While it was nice to see some interesting content presented during DCNF, there’s still a huge lack of compelling discussion of how users will be drawn specifically to this content. If they are just relying on the conceit that viewers are organically drawn to the affinity channels they most associate with, then they’ve had their eyes closed for a while. On television, there are MANY channels that I have an affinity for. Yet, there are maybe 15 channels that I will flip through when not watching something in the DVR. Studies have shown that I’m not alone. So affinity alone does not hold too much water when discussing the introduction of new shows and the generation of viewers.
Moving away from video and focusing on digital marketing products, it’s the same thing. A close friend of mine, Jo Oskoui, told me about an experiment his team just completed that speaks directly to this dilemma. His company, Oskoui+Oskoui, will be publishing a study that delves deeper into the specifics, but the gist is that they had produced a piece of content and originally posted it only on their blog. They posted the piece in Q3 2011 when there was a lot of buzz about the related product – a product with a huge cultural value that happened to have a major consumer product release at the time. Their blog gets decent traffic for a blog of that type, but they wanted a limited posting and then see what happened. The basic creative element got less than 50,000 views since posting on their blog – OK but not much. More than six months later, they completed their experiment by engaging their proprietary social distribution and seeding network to distribute the same exact piece of content and were able to garner over 3 million views with a high rate of re-posting in only one week.
This exemplifies the importance of having a whole plan surrounding any digital marketing product launch. There is too much happening in the digital realm – without even get into the today’s crazy buzz about George Zimmerman’s legal defense team launching a site and social media outlets – nobody can rely on just placing content in the digital realm and expect people to find it.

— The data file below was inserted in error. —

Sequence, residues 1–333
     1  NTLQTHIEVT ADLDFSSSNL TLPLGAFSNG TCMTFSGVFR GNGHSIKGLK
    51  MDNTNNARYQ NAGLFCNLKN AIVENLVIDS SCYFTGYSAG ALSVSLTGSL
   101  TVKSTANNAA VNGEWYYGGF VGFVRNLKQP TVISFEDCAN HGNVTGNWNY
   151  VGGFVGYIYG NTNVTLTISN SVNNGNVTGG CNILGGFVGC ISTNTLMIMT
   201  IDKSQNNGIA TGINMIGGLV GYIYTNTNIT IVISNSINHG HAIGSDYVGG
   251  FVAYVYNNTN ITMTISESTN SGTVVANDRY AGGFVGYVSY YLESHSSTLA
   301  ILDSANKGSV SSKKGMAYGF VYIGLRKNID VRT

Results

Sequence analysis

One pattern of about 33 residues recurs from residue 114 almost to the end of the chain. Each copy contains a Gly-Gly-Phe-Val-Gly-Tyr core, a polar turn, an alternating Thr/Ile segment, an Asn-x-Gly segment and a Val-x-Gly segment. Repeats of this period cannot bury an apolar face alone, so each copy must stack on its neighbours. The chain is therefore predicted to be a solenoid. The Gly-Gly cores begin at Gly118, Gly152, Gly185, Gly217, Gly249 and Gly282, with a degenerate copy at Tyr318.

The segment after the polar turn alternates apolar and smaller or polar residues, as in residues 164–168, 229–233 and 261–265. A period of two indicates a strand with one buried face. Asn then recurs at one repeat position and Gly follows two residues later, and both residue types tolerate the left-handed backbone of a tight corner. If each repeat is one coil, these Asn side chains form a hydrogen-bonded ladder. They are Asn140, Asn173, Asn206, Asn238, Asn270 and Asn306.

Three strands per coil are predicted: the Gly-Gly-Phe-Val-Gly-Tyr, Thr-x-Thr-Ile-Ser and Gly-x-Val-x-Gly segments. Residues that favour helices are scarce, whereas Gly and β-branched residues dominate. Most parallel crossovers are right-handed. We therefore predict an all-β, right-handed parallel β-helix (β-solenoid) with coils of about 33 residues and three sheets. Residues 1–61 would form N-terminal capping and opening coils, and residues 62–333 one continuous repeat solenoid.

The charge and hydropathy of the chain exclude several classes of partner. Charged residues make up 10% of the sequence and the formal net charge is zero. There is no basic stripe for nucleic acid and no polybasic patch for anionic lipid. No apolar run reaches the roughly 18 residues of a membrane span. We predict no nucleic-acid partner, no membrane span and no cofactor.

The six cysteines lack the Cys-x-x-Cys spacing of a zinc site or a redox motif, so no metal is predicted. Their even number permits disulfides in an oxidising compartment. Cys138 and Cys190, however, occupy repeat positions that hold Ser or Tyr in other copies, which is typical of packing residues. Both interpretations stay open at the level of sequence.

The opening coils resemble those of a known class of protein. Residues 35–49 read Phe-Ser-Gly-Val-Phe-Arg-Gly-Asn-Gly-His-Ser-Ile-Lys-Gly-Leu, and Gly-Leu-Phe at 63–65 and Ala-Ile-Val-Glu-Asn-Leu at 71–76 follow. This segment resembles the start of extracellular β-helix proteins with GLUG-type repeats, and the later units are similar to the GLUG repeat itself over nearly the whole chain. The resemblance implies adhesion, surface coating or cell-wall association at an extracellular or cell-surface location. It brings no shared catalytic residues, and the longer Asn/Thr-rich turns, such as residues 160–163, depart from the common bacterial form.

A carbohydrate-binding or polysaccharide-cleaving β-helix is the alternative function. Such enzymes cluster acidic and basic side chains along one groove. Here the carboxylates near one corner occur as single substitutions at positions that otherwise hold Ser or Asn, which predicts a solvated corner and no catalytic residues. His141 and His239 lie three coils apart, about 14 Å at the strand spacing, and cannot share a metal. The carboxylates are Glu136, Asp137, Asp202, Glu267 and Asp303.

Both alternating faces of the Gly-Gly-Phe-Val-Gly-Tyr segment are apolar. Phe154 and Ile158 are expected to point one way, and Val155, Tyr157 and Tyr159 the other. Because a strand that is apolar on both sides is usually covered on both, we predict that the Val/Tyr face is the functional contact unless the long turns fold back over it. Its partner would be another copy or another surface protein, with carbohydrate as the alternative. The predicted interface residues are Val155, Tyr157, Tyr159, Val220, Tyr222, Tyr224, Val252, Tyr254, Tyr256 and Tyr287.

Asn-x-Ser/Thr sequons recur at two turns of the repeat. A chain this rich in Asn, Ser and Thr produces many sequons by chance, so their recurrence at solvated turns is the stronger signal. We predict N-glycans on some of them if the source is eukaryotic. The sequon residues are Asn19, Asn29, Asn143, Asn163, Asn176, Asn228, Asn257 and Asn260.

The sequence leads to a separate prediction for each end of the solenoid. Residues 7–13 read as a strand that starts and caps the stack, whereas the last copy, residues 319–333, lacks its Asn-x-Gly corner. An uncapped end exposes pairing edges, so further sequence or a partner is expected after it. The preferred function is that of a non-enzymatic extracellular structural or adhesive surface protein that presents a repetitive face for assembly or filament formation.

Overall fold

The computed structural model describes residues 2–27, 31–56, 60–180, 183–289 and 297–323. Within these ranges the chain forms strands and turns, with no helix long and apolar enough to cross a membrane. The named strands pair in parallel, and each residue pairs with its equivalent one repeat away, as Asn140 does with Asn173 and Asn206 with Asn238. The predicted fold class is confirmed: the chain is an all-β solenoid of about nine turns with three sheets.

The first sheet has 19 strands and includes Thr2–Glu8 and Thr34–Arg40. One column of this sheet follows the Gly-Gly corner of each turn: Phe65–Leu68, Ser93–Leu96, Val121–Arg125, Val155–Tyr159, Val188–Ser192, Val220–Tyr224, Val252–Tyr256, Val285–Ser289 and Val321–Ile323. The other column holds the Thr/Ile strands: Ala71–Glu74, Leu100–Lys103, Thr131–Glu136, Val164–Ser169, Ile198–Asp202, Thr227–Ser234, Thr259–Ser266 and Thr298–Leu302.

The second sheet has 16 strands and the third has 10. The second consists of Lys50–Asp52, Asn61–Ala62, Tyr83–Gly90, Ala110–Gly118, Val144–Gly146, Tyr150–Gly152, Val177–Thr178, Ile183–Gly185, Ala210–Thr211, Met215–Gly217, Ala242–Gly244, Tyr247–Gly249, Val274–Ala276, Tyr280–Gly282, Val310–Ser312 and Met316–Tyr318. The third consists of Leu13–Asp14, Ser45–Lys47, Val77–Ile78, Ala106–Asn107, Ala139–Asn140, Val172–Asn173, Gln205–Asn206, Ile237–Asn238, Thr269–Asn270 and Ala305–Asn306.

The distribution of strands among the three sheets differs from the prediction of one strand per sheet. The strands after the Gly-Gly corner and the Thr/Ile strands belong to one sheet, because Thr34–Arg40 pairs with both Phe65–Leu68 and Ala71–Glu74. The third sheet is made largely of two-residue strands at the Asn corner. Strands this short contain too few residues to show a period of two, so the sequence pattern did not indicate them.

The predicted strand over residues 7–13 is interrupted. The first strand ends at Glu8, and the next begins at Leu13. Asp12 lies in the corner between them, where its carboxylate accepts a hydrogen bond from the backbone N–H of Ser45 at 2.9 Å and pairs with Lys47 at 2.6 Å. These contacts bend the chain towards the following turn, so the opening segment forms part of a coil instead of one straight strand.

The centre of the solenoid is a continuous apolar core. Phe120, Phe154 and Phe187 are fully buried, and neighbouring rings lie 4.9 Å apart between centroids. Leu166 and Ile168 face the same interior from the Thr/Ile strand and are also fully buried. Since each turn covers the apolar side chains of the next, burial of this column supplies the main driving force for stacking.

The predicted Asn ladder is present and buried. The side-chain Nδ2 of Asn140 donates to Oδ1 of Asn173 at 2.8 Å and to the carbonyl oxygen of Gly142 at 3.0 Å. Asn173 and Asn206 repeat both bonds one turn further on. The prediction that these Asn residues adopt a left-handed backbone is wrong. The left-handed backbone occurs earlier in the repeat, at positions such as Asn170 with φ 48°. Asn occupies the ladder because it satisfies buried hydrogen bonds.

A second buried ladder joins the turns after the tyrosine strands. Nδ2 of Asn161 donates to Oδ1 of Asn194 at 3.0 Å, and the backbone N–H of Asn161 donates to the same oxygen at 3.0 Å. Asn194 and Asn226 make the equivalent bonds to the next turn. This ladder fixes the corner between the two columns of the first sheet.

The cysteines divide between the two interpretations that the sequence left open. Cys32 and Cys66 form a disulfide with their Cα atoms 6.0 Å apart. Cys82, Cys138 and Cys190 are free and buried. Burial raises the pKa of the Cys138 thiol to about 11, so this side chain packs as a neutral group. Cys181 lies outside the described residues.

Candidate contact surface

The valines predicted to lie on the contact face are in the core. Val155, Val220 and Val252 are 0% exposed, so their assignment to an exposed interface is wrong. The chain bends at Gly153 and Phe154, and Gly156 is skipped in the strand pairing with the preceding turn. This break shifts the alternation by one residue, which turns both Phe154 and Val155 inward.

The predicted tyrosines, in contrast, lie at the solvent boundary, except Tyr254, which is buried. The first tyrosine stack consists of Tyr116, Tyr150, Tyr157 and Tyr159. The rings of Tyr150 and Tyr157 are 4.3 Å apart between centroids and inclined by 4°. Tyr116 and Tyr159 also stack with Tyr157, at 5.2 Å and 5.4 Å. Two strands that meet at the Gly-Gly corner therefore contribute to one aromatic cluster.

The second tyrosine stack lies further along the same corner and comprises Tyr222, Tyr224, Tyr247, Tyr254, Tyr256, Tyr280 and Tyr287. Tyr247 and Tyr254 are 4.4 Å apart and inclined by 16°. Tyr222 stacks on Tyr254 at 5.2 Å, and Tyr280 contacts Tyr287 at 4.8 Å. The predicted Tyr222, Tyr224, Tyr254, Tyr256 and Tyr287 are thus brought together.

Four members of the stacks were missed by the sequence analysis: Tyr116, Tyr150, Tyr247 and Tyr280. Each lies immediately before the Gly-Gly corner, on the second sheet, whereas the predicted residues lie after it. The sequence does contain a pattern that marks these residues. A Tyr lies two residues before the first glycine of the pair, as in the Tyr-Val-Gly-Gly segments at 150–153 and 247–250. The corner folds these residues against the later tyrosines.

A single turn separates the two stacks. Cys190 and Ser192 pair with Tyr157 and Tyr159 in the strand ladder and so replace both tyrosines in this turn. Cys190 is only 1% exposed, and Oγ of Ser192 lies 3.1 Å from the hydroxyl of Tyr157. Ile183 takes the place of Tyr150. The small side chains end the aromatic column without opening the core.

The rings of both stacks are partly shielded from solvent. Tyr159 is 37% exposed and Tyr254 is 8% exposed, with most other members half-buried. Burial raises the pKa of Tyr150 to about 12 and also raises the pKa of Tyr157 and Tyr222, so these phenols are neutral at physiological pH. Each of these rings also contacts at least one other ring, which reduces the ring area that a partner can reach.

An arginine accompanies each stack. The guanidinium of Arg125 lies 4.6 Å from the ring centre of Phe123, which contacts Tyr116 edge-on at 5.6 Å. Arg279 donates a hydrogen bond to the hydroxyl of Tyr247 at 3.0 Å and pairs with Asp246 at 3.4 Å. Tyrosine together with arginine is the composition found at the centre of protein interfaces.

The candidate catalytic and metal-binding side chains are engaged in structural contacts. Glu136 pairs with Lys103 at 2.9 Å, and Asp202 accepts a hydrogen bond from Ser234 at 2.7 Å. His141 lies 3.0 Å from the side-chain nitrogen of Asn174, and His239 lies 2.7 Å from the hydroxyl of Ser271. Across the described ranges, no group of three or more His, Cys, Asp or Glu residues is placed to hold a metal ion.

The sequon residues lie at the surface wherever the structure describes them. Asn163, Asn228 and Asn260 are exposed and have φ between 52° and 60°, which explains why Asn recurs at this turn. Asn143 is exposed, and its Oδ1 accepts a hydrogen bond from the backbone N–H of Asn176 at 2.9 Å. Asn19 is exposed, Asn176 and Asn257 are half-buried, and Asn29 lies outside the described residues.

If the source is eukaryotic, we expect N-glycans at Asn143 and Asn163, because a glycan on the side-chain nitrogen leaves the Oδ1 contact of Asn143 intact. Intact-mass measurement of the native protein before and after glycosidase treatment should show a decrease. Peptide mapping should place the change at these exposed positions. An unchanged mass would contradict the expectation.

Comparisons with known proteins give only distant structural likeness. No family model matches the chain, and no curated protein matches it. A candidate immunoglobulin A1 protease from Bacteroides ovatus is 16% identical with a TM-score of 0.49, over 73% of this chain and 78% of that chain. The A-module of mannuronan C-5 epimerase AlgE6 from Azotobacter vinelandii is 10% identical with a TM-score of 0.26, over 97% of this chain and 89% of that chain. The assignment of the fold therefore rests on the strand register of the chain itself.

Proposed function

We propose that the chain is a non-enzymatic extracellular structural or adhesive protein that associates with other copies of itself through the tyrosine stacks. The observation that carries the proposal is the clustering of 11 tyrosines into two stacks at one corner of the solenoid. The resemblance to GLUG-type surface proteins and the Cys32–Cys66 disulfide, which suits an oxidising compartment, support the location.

The good news is that there are many cost-effective options for creating that holistic marketing execution. In fact, I would push vendors to not only come up with the creative idea, but the sound executable plan for generating the distribution that’s required to make a difference (and establish the parameters of success.) Many companies already engage separate vendors to do creative production, social strategies and implementation, and publicity, but they don’t do a great job of keeping every group up-to-speed – leading to less effective campaigns and wastes of money. So, even if the creative agency isn’t a one-stop shop, that doesn’t preclude the marketing team from engaging all groups internally and externally to set the stage for a whole campaign.
We know that we won’t strike gold every time, but we’ll certainly do better if we go out with a smart strategy and ensure that the strategy and products are communicated across all parts of the company – not just putting content out there and crossing our fingers that people will find it. FIELD OF DREAMS is a fictional story and we know that the famous line,”Build it and they will come”is just a piece of dialog – we just need to act like we know that when launching our campaigns.